- An emergency plan. A Tribal government must confirm activation of its emergency plan to receive assistance. FEMA regulations do not specify requirements for emergency plan content, only that a Tribal government must have a plan and the plan must be activated before requesting funding. (Read more from FEMA here).
- A Public Assistance Administrative Plan. This plan outlines the roles and responsibilities of a tribe in administering Public Assistance. A template is available on the FEMA website and many Tribal governments likely already have such a plan due to their receipt of other federal funds.
Tribes that are already working with a state government on collaborative responses might seek FEMA Public Assistance as a Sub-Recipient. To do so, Tribal governments must submit a Request for Public Assistance (RPA) to their appropriate state government agency by June 11, 2020. A standard RPA may be found at the following link: Request for Public Assistance (RPA). Tribal governments should coordinate directly with the appropriate state-level Office of Emergency Services.
FEMA describes reimbursable activities to include the following:
- Management, control and reduction of threats to public health and safety which includes Emergency Operation Center costs, training specific to the declared event, disinfection of eligible public facilities, and technical assistance to state, tribal, territorial or local governments on emergency management and control of immediate threats to public health and safety.
- Emergency medical care which includes non-deferrable medical treatment of infected persons in a shelter or temporary medical facility; related medical facility services and supplies; use of specialized medical equipment; medical waste disposal; and emergency medical transport. It also includes temporary medical facilities and/or enhanced medical/hospital capacity (for treatment when existing facilities are reasonably forecasted to become overloaded in the near term and cannot accommodate the patient load or to quarantine potentially infected persons).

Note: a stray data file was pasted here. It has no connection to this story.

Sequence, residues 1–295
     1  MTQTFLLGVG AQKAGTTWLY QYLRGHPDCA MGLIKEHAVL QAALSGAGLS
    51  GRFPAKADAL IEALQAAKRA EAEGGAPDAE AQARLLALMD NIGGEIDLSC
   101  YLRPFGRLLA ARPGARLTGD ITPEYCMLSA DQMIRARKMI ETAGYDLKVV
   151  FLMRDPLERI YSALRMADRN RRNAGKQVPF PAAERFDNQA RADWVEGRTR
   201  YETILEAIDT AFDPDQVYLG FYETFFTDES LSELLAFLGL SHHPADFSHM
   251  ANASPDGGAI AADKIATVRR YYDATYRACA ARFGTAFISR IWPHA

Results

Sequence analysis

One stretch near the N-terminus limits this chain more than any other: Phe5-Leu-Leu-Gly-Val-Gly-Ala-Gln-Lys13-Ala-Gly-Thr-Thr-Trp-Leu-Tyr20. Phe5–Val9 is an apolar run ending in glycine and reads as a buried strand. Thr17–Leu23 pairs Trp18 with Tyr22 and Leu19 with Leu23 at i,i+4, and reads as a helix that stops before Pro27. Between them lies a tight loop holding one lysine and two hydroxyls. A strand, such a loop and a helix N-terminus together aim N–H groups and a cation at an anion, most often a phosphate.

- Medical sheltering, for example, when existing facilities are reasonably forecasted to become overloaded in the near future and cannot accommodate needs.
- All sheltering must be conducted in accordance with standards and/or guidance approved HHS/ CDC and must be implemented in a manner that incorporates social distancing measures.
- Non-congregate medical sheltering is subject to prior approval by FEMA and is limited to that which is reasonable and necessary to address the public health needs of the event, is pursuant to the direction of appropriate public health officials, and does not extend beyond the duration of the Public Health Emergency.
- Household pet sheltering and containment actions related to household pets in accordance with CDC guidelines.
- Purchase and distribution of food, water, ice, medicine, and other consumable supplies, including personal protective equipment, hazardous material suits, and movement of supplies and persons.
- Security and law enforcement.
- Communications of general health and safety information to the public.
- Search and rescue to locate and recover members of the population requiring assistance.
- Reimbursement for state, tribe, territory and/or local government workforce to account for overtime costs.
Utilizing FEMA Funding in Conjunction with Other Relief
Tribes and tribal entities are participating in a variety of relief programs from the impacts of this pandemic, including the Paycheck Protection Program (our practical tips for tribal governments can be found here), the Coronavirus Relief Fund (read about the new guidelines from Treasury related to this Fund here), Economic Injury Disaster Loan Emergency Advance (learn more about this loan advance program here), the Main Street Lending Program, and private insurance claims. FEMA funding is a useful tool for utilizing in conjunction with other programs and can provide significant assistance to meet the needs of medical facilities, food programs, public health, and security and law enforcement.
FOR MORE INFORMATION
Van Ness Feldman is closely monitoring COVID-19 related stimulus issues and is providing expert analysis and advice to tribal clients trying to navigate this ever-changing landscape. If you would like more information about ways in which we can support your Tribe’s businesses and programs, please contact Ed Gehres or Maranda Compton, or any member of the firm’s Native Affairs practice at (202) 298-1800.